According to Dr. Jitendra Singh, the Union minister of state for personnel, public grievances, and pensions, the Enforcement Directorate has recouped roughly 180 billion dollars from fugitives and economic offenders over the past five years, particularly since the Narendra Modi government passed the Economic Offenders Act in 2018.
The minister was addressing outside the G20 anti-corruption session, which started on Wednesday in Gurugram.
According to Singh, the present government is pursuing economic criminals vigorously and is making every effort to ensure that no one is able to manipulate the system and profit from corruption at the expense of the exchequer, as reported by the Hindustan Times.
The goal of the workshop
The goal of the workshop, according to the minister who briefed the media following the G20 workshop's first session, is to work with partner nations and agencies to build a framework to combat corruption and prevent people from misappropriating public funds.
“In the past four to five years, the enforcement directorate has been able to recover 180 billion dollars from economic offenders after this government started pursuing these individuals seriously,” said Singh, adding that the total financial frauds committed by such offenders was estimated to be around 272 billion dollars.
The minister said that numerous reforms, including direct welfare transfers, a marketplace site for the government, and other digital tolls, have been implemented to reduce corruption in the public sector.
The anti-corruption workshop is being attended by representatives from the G20, ten associate nations, and nine organisations. It will end on March 3.
In order to ensure that fugitives are apprehended and their illicit income is taken by the states, including India, Singh claimed that alliances are being formed between participating nations.
The major problem
“A major problem faced by law enforcement agencies is that laws, rules and regulations are different in different countries, and there are also cultural differences. In such a scenario, the fugitives take advantage of loopholes and this exercise (workshop) is aimed to prevent them from taking advantage, and to bring them to book,” he said.
In his inauguration address, the minister claimed that corrupt people find a place to stash their stolen money before using it to fund horrendous acts.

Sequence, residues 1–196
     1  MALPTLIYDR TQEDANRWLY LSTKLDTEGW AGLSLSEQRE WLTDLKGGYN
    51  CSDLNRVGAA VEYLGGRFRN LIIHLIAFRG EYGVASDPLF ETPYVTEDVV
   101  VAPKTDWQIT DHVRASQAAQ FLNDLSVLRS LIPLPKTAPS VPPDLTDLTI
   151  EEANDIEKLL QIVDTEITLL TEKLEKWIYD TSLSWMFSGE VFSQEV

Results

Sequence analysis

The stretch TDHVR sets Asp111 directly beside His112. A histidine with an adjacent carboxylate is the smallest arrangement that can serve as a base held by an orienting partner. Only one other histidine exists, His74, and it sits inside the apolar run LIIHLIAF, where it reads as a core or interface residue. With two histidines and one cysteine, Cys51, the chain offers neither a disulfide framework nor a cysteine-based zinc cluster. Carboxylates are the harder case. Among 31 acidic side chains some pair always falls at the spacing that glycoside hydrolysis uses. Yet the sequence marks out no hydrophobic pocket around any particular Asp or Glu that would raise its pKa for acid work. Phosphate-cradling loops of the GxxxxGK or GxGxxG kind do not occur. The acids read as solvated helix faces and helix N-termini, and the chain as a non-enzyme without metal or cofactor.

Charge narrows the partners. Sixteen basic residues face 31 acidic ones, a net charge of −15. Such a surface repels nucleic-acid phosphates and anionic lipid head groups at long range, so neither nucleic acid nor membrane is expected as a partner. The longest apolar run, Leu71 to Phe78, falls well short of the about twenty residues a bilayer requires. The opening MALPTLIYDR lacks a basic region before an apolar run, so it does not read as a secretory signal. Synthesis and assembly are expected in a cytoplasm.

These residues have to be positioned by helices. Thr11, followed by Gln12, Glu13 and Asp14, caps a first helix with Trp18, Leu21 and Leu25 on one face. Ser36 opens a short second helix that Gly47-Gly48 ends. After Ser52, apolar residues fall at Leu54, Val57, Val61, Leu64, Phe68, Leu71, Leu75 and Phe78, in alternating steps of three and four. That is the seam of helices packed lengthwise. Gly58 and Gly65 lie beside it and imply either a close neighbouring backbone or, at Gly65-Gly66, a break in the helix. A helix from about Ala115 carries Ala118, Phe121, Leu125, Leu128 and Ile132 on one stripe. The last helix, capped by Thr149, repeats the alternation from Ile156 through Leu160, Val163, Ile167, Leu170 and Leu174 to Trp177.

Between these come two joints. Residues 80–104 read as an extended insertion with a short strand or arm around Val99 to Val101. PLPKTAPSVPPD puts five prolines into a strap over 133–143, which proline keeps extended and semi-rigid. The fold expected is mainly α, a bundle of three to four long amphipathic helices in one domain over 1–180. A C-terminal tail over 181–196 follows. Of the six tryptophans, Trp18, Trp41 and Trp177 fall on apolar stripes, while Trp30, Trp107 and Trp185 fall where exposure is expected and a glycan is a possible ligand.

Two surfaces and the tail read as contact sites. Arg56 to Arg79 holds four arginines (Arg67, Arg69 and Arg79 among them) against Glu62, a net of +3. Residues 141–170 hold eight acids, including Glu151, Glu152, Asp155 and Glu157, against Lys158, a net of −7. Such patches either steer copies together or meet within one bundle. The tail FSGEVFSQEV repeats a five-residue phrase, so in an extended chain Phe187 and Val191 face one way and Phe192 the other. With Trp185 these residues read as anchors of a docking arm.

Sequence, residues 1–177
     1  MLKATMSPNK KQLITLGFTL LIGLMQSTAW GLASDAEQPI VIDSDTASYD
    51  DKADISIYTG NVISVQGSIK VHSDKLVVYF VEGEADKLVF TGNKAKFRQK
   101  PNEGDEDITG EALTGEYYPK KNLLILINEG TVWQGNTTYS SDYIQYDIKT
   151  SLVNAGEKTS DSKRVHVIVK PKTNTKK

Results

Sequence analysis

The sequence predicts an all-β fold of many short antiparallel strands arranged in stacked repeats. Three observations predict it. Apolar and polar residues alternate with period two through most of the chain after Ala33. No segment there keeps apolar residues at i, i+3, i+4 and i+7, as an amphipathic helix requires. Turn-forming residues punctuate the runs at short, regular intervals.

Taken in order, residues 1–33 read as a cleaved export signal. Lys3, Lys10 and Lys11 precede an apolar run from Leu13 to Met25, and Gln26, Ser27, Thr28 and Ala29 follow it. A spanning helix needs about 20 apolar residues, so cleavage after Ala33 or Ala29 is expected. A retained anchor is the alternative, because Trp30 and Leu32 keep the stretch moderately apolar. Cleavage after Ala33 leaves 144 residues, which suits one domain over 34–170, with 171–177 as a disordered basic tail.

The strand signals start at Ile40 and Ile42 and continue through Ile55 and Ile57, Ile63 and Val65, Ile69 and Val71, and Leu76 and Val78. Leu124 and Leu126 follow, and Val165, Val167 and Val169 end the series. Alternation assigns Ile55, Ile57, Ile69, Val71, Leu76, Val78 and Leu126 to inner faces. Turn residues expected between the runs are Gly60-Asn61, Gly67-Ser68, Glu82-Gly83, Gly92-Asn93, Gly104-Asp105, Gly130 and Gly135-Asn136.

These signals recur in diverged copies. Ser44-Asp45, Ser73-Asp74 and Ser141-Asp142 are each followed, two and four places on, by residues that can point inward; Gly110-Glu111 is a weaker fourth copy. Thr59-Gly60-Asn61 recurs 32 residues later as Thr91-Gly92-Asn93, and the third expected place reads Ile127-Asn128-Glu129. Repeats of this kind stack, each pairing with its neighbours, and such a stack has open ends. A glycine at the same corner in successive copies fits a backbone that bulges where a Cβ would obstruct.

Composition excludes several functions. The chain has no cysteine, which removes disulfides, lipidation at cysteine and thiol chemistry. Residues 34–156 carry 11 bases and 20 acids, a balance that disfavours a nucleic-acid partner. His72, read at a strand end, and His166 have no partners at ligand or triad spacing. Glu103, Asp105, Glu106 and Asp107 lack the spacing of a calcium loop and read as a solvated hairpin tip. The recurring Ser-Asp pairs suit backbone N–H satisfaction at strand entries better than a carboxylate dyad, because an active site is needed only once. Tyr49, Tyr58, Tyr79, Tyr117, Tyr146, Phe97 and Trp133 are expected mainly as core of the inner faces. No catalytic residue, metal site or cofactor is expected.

“The amount that is duped is one of the major sources of terror funding. From illegal drugs that destroy young lives to human trafficking, from weakening democracies to sale of illegal arms, this dirty money funds many destructive enterprises,” he said.
“The enforcement directorate has transferred assets worth about USD 180 billion to public sector banks that suffered losses to the tune of around USD 272 billion due to frauds committed by high net worth individuals,” Singh said.
Need to reduce process delay
He added that although the process to extradite economic criminals has been started, the agencies' experience has shown that it is a difficult process that causes delays.
“It is our considered view that strengthening of mechanisms for speedy confiscation of proceeds of crime, both at home and abroad, will force the offenders to return to their home country,” he said.
This will enable a thorough investigation and a prompt trial for the associated offence, he continued.
“This would also help the banks and other financial institutions and tax authorities to achieve recovery from defaults committed by such offenders, thus restoring, to some extent, the overall health of these banks and other financial institutions, while eliminating the possibility of further misuse of these funds,” Singh said.
The Fugitive Economic Offenders Act, 2018, which India put in place specifically to address economic criminals, has contributed significantly to effectively reducing corruption, the minister added.
Radha Chauhan, secretary, department of personnel and training, ministry of personnel, public grievances and pensions was also present on the occasion.
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